Is the Guardian worse than it used to be?

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My feeling is: Yes, somewhat. But Regular Readers will recall that I am a curmudgeon who doesn't like New Things. So do they really want to agree with me here? Plus, we do have (somewhere round here) a house Guardian expert whose opinion would be interesting.

the pinefox, Tuesday, 3 July 2001 00:00 (fifteen years ago) Permalink

Some readers might, conceivably, like to know that the Guardian (formerly Manchester Guardian) is a UK daily newspaper which has for several decades been the main print source / gathering-point, as it were, for those on 'The Liberal Left'. Many UK ILE posters, I imagine, know it very well and have done for many years, so I thought there might be some opinions around.

the pinefox, Tuesday, 3 July 2001 00:00 (fifteen years ago) Permalink

I like the Guardian now more than I have for years. Perhaps the restyle of the mag helped, but generally the Burchill thing works for me and I haven't noticed a drop in quality elsewhere. The Guide has always been shite (and I say that working for PA Listings) but the rest seems cool. Can you specify what's gone wrong for you?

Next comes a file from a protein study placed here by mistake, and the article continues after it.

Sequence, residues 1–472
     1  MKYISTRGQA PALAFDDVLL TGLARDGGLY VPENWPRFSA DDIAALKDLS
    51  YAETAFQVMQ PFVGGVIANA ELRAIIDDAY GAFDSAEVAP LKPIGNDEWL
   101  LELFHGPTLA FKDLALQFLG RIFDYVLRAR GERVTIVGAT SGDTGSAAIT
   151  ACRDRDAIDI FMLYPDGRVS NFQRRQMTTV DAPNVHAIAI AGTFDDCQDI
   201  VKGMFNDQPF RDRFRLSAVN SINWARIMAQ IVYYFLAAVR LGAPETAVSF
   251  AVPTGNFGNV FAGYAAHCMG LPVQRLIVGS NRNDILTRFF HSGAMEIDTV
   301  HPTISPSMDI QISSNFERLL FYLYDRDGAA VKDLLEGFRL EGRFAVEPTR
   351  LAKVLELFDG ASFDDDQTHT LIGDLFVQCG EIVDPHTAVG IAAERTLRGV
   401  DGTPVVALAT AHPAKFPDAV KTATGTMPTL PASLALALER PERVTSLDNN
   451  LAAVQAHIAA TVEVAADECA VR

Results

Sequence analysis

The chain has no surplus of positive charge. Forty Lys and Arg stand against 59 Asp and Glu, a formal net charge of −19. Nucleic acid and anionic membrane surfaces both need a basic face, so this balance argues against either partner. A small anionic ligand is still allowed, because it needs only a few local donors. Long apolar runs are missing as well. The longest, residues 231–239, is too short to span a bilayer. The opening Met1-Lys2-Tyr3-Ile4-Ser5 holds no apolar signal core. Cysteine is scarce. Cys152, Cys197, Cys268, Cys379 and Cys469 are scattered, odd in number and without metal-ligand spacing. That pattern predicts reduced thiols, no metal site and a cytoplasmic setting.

chris, Tuesday, 3 July 2001 00:00 (fifteen years ago) Permalink

I hate the Guardian - particularly the G2 section, with it's crappy 'think' pieces, terrible arts reviews and smug phillistinism - and have bought it every weekday and Saturdays for at least the last fifteen years. Because, being a bleeding heart liberal and a news junkie, I couldn't bring myself to read any of the other rags (morning papers are somehow part of my going to work coping ritual.) I flirted with the Independent for a while - and the IOS still has the great film critic David Thomson writing for 'em - but I found it to be even more boring than the Guardian. I suspect that I am far from alone in all this, and that the Guardian survives on the unearned good will of the liberal middle classes.

Funnily enough, I quite like the Guide, partly because Joe Queenan and Byron Coley sometimes write for it, partly because it means I no longer have to buy that useless piece of toss Time Out anymore.

Andrew L, Tuesday, 3 July 2001 00:00 (fifteen years ago) Permalink

I've never actually bought a copy of the Guardian, if I did buy a newspaper I'd get the Telegraph, it has a good weather section, obituaries, world news briefs and I like the sports section.

james e l, Tuesday, 3 July 2001 00:00 (fifteen years ago) Permalink